Consider visiting a secure website like Gmail. Is it possible to forge the website certificate only by having full control over the internet provider?

I mean is it practically possible for a provider with no access to user machine (for installation of its root CA), to apply a forged certificate for some secure websites so that the browser built-in security check doesn't alert mismatch certificate?


No. Interception of HTTPS connections is usually done by governments in cooperation with ISPs. Governments obtain a valid certificate from any one of the CAs who have their Root certificate among the Trusted certificates in browsers and operating systems. Governments use legal means to force CAs to issue them certificates. This is only possible for governments who have a CA within their jurisdiction, meaning all the large states of the world have this theoretical capability. How widely this is used in practice is unknown. It can be (sort of) detected by SSL Observatory and I have seen some extensions for Firefox that notify you if SSL certificate has been changed since your last visit.

  • So @Matrix you mean that the government buy some valid certificate from a valid CA and change the parameters with the knowledge that the CA won't alert it as invalid one? And obviously the browsers have no way to understand this complex hack? Dec 24 '12 at 6:04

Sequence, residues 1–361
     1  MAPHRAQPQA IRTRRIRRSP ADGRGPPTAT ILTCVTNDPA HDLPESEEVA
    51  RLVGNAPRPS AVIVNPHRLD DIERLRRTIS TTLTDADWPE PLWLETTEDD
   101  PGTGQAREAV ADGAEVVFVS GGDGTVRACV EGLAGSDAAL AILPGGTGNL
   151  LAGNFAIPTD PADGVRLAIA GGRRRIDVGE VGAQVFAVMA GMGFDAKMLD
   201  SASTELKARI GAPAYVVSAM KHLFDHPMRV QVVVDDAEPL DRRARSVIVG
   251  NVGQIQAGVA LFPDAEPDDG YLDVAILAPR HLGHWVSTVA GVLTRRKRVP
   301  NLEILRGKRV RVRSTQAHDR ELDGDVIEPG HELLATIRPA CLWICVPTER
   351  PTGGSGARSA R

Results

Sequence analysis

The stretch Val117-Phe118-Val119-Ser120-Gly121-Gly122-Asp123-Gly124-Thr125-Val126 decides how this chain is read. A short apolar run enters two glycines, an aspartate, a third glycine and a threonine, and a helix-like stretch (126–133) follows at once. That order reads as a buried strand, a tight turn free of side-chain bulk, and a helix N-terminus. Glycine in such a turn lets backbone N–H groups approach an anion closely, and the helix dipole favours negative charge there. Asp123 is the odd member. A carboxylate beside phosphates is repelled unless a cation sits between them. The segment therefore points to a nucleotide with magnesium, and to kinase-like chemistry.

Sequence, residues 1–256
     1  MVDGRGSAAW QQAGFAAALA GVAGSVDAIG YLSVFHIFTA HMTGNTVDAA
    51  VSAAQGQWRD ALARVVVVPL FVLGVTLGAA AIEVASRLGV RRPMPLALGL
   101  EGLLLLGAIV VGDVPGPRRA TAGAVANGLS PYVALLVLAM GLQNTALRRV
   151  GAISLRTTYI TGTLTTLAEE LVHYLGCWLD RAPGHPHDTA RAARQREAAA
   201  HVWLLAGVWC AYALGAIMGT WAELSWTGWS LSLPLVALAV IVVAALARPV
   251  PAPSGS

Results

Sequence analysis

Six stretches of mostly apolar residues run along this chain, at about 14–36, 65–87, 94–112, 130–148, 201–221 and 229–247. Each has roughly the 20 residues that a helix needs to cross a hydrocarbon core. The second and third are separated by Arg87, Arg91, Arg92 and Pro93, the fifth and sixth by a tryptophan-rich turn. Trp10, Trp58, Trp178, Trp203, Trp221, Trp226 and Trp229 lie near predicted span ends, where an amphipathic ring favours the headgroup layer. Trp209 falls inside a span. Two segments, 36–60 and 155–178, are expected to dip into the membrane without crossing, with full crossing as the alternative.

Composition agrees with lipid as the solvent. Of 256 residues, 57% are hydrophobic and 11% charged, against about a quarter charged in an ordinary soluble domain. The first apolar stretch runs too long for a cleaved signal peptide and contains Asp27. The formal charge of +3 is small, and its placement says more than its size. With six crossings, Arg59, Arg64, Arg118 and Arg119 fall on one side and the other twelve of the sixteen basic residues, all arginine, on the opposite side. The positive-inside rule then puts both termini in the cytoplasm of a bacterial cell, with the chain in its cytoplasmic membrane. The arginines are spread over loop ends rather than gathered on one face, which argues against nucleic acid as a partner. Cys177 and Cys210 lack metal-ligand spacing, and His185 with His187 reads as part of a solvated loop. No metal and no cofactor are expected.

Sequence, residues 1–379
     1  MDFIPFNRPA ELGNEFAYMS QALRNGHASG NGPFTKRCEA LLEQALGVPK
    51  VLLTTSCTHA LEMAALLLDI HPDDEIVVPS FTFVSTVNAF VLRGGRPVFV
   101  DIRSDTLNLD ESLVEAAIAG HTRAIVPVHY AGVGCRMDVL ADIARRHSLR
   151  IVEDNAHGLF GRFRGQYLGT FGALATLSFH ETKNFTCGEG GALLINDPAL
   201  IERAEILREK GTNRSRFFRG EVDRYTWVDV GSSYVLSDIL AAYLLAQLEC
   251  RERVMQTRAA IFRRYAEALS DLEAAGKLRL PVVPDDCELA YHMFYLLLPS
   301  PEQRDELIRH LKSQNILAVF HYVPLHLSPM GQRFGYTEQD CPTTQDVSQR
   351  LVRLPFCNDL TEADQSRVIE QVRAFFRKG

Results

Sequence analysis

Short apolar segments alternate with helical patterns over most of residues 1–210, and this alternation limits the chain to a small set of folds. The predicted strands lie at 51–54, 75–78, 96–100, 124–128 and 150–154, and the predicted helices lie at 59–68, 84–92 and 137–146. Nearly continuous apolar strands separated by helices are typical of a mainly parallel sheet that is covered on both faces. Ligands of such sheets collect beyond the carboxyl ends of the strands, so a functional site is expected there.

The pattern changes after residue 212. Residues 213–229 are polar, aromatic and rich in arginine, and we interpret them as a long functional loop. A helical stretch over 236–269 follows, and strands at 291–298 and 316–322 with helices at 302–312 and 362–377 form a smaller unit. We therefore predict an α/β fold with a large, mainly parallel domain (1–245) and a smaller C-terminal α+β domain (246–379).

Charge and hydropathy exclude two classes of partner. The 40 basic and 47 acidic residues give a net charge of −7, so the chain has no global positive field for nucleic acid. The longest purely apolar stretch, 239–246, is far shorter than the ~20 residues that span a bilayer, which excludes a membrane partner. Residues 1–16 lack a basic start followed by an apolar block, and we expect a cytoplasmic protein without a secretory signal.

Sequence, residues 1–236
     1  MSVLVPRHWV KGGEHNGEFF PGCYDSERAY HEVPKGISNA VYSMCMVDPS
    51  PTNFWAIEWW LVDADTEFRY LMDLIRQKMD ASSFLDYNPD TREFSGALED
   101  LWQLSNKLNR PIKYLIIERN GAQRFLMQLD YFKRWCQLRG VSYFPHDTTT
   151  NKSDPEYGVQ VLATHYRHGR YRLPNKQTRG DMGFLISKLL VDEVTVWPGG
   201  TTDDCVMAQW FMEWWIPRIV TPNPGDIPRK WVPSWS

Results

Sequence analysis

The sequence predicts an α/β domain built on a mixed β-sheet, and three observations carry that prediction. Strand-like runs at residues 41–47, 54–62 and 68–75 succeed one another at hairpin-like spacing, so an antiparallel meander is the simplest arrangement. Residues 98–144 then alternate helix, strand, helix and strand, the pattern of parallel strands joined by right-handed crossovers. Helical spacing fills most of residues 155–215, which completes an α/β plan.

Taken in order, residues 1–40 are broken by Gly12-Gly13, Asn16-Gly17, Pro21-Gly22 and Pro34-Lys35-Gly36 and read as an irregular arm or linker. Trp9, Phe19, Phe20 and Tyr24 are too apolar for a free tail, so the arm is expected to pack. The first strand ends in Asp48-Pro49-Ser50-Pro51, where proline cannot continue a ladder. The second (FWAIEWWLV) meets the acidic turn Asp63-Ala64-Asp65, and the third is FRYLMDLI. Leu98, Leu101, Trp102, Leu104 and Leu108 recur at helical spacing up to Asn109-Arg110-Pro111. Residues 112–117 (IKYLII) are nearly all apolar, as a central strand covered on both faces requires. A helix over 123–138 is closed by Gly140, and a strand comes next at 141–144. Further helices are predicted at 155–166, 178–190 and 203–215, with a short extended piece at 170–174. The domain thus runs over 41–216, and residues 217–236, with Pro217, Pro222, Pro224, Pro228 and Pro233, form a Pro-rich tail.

• No. CA is forced to issue them valid certificates for the domains they'd like to intercept. CA can also issue a wildcard certificate like *.com. To a user browser, this will seem like a valid certificate, because it is. Read files.cloudprivacy.net/ssl-mitm.pdf
    – Matrix
    Dec 24 '12 at 10:25
  • 1
  • When you have such a warning extension installed, you get so many warnings about changing certificates for Google, Twitter and Facebook that you have no idea what it means. Maybe if you're living in Iran or China and using it for a limited set of websites while knowing what all those warnings tell you, it might work.
    – SPRBRN
    Feb 4 '15 at 12:45

SSL is precisely designed to ensure integrity when the network is hostile. To make a fake server certificate that the client will accept, the attacker must subvert the basis on which the client builds its trust. This means, in practice, one of the following:

  • adding a new attacker-controlled CA in the "root CA" store on the client system;
  • obtaining the fake certificate by bribing one the the root CA that the client system trusts;
  • exploiting a vulnerability in the software used by the client (namely, his Web browser).

Of course, security holes happen regularly; it would be preposterous to claim that none of the hundred-or-so root CA are all flawlessly honest and rock solid (especially CA controlled by some governments with a creative approach of democracy); and most ISP will send to their customer a "connection kit" (as a CD/DVD) which is a nice vector for rogue CA insertion (if we consider the ISP as hostile, then we may as well assume that the ISP is competently hostile).


No, but your internet provider may already have a trusted root certificate. For example, in Germany, "Deutsche Telekom" is the biggest internet provider, and has trusted root certificates in the certificate stores of all major browsers.

These circumstances are likely unrelated, but may in theory be used to perform the attack you describe.

Your Answer

By clicking “Post Your Answer”, you agree to our terms of service, privacy policy and cookie policy

Not the answer you're looking for? Browse other questions tagged or ask your own question.